Robert, Bob Shelton, Arizona Film Pioneer, founder of “Old Tucson Studios” Old Tucson built in 1937-38 had lain dormant since the end of filming in 1939 when the Westly Ruggles Western “Arizona” sometimes also know as “In Old Arizona.” starring William Holden and Jean Arthur finish principle photography.

In 1959 entrepreneur Bob Shelton leased the property from Pima County and began his life long love affair with what he initially thought was going to be a theme park and a part-time film studio. A theme park for kids to come and see real western cowboys and maybe some filming. Then, however, fate intervened. Hearing a film crew had just landed in town Shelton met them at a hotel, where walking around corner he spied a large man with a big cowboy hat. That was Joh Wayne aka, “The Duke.”

Wayne and Director Howard Hawks were there to negotiate for shooting the movie “Rio Bravo” and the rest is fantastic Arizona Cinema History.

Gouldings Lodge, Monument Valley, established in 1928 initially as a trading post for the Navajo tribe. By the middle of the 1930’s Gouldings began to be utilized by Hollywood film companies especially American’s most famous director of that era, John Ford. Ford made five iconic movies in Monument Valley.

Ronnie Baird, 50 years Arizona Pioneer who worked with and for Harry and Mike Goulding. Now for twenty plus years he has managed Gouldings.

“Gouldings” Lodge in Monument Valley, is today a modern beautifully kept piece of American Western History watched over the Ronnie and his professional staff. For the last twenty years Ronnie Baird has kept Harry and Mike Gouldings dream of a place be awed by the stillness and ancient iconic rock sculptures just as it was for thousands of years.

Stan Garner, a man who as a boy loved trains and railroads took his passion as an adult bringing and participating in several vintage Western Rail Road movies it to the silver screen.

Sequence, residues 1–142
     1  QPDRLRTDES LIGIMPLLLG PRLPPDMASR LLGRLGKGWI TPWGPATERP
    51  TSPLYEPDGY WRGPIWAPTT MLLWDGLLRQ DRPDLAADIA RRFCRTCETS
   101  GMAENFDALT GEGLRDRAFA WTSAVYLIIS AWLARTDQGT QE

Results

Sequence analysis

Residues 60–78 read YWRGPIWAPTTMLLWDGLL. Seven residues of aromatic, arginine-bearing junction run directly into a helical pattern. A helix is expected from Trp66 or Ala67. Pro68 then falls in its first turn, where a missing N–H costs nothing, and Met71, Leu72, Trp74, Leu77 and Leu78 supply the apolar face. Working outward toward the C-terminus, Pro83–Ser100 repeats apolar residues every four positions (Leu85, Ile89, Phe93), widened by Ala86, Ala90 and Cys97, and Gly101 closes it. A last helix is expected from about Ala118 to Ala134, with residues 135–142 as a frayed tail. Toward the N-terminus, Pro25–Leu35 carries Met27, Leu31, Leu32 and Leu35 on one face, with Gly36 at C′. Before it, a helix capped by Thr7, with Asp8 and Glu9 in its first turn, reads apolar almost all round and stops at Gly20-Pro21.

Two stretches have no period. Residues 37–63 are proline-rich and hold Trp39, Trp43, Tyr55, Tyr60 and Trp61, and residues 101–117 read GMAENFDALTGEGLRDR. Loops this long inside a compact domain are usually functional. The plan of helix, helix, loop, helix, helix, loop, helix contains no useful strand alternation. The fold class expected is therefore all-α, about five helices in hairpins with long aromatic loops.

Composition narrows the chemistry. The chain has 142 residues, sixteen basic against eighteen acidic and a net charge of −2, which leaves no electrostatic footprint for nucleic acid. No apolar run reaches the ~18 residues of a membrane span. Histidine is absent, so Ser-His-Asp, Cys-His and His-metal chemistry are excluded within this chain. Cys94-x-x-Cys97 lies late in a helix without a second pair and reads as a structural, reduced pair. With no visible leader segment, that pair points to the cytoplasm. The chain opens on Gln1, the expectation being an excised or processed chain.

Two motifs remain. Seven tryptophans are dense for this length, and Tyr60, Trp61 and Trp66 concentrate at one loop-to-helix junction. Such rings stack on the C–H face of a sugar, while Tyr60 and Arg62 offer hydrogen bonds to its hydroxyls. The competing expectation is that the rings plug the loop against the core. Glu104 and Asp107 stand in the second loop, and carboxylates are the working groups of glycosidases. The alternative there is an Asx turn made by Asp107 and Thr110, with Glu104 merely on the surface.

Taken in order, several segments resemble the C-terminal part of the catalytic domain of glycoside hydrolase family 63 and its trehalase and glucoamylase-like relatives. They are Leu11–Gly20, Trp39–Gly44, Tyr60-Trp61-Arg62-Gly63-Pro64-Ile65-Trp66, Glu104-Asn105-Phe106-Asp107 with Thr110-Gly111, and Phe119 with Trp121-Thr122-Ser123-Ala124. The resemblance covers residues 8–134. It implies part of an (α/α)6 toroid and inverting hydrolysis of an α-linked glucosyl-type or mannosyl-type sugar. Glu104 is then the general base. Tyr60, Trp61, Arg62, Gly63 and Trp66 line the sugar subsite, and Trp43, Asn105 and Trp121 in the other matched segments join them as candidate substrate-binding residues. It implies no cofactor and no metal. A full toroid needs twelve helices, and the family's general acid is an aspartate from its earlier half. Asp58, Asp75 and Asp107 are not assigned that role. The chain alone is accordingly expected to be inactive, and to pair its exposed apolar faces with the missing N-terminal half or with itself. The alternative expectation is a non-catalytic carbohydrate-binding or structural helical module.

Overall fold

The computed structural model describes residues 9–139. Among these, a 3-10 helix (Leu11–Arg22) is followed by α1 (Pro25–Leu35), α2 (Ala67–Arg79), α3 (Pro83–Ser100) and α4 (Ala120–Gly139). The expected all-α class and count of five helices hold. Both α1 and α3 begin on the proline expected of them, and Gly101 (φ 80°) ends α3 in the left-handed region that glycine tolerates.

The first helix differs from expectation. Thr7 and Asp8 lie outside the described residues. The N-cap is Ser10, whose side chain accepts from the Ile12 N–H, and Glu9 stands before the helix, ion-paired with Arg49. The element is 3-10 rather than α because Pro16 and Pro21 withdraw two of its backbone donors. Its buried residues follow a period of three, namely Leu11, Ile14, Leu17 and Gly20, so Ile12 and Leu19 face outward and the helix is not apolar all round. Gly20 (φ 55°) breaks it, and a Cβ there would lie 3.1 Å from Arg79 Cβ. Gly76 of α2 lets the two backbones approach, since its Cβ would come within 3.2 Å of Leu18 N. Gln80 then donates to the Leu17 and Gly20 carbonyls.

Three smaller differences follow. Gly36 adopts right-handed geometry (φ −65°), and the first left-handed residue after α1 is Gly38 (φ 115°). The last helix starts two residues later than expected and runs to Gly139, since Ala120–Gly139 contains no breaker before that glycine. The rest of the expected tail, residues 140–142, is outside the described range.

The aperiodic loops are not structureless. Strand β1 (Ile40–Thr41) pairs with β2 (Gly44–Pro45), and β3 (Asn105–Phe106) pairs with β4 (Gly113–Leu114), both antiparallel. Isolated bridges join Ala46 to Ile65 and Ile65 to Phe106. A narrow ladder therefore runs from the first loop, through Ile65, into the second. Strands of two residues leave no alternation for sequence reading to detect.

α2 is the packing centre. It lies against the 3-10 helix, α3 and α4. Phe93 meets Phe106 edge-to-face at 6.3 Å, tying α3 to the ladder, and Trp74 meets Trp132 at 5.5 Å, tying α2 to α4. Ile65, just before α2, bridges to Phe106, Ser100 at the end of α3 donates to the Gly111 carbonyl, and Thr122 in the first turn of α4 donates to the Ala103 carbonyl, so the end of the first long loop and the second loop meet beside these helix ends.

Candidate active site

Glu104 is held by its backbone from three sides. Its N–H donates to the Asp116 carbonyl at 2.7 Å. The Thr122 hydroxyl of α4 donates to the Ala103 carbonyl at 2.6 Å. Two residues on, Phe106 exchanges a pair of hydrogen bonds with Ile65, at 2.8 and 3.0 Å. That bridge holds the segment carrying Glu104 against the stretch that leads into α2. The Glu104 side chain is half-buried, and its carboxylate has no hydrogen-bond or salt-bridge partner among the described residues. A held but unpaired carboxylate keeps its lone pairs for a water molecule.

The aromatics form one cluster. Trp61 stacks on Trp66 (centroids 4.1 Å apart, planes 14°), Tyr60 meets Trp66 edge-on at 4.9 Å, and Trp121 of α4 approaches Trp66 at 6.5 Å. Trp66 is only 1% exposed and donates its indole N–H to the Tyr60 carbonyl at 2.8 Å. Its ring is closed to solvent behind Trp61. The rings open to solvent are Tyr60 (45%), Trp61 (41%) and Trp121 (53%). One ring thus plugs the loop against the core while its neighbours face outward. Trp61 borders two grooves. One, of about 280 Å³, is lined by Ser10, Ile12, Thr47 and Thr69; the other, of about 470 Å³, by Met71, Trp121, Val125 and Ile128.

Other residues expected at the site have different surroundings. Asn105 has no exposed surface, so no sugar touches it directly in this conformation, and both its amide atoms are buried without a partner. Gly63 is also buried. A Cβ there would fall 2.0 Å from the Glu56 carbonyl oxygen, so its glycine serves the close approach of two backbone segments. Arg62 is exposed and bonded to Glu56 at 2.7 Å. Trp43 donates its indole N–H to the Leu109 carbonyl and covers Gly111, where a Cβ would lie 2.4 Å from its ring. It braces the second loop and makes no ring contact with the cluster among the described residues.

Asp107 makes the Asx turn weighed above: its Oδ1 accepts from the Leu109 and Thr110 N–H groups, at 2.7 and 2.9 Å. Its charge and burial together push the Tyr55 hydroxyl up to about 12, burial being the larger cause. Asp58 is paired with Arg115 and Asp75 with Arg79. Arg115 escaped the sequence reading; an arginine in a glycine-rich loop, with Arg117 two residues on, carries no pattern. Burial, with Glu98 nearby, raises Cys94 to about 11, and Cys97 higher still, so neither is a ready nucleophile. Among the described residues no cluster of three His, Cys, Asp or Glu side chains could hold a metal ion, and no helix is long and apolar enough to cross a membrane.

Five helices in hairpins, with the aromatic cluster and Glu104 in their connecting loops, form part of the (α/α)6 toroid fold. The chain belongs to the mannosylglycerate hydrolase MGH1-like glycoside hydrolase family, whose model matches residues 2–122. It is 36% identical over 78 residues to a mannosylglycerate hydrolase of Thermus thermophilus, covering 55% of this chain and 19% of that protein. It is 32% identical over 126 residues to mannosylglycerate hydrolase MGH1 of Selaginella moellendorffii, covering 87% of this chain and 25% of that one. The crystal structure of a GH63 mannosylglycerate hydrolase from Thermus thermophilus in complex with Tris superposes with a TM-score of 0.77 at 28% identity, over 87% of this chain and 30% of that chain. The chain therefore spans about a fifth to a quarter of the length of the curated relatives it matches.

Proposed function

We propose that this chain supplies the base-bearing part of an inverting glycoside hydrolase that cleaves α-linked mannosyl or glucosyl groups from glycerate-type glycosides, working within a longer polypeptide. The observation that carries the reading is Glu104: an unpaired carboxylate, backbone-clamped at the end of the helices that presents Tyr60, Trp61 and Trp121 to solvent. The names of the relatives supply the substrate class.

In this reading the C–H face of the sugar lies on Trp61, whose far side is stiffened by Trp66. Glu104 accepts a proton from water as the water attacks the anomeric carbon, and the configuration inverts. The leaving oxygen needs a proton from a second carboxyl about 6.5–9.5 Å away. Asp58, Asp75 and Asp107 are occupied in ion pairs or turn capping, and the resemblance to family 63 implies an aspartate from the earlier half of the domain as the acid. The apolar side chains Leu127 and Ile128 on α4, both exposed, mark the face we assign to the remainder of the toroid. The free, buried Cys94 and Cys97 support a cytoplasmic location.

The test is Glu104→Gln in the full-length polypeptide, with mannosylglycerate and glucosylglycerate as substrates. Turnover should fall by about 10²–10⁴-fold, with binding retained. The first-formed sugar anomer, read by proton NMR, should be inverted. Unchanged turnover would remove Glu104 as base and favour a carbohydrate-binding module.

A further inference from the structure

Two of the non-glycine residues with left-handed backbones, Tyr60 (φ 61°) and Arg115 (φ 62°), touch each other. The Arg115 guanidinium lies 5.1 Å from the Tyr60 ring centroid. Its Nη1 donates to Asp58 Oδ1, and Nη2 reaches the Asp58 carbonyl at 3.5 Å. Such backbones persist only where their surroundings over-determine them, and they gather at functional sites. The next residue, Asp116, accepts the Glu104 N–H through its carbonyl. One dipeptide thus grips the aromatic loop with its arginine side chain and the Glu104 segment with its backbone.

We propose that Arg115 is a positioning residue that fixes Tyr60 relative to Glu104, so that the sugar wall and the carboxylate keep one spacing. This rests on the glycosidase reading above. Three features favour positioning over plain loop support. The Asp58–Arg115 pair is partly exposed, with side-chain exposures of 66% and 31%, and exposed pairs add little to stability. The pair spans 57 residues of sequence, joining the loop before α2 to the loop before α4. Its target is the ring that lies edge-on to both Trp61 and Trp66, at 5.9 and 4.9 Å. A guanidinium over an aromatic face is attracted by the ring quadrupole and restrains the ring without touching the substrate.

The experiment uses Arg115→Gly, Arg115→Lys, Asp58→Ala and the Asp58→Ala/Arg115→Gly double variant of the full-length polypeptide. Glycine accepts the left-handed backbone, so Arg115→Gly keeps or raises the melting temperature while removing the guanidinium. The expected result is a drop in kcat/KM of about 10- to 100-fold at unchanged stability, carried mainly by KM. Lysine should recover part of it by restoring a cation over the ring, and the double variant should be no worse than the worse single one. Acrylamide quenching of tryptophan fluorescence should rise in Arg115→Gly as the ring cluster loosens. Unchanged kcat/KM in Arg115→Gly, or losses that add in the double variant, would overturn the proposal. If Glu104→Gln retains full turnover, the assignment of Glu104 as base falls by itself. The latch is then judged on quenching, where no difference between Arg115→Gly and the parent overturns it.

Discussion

In Stan’s fifty plus years of years of professional cinema work with rail roads, camera rigs, staging accidents etc., he has worked on sets as location scout, train wrangler, assistant producer, and assistant camera operator. Stan is especially conversant with small to medium “Steam Locomotives.” He is an expert technical assistant for directors working with movie trains. Stan is familiar with all major type of steam locomotives including, Baldwin, Porter, Webb, 2-coupled, 4-coupled, 0,2,4 and more.

A graduate of the University of Arizona with a double major, in archaeology and U.S. history. Martin took a summer job with the St. Michael’s Indian School. He engaged in field work for the Navajo tribe in a dispute with the Hopi on land.

Martin then became the Navjo Museum director for 16 plus years. Because of his background and expertise in archaeology and history he along with tribal leaders created the “Navajo Monument Valley Tribal Park.”

At this time (early 1950’s) monument was the only Indian tribal park in the country.

Martin also was involved routinely with Hollywood film companies, as an assistant producer, location scout, and technical advisor for westerns including John Wayne and the noted american director John Ford.

Produced by DynaSoar Media, 2017 – Duncan Harvey, Levi Davis, Editors

Arizona Film History Project

The Untold Story Of Arizona’s Historic Role In The Rise Of Hollywood & Cinema

Old Tucson - Bob Shelton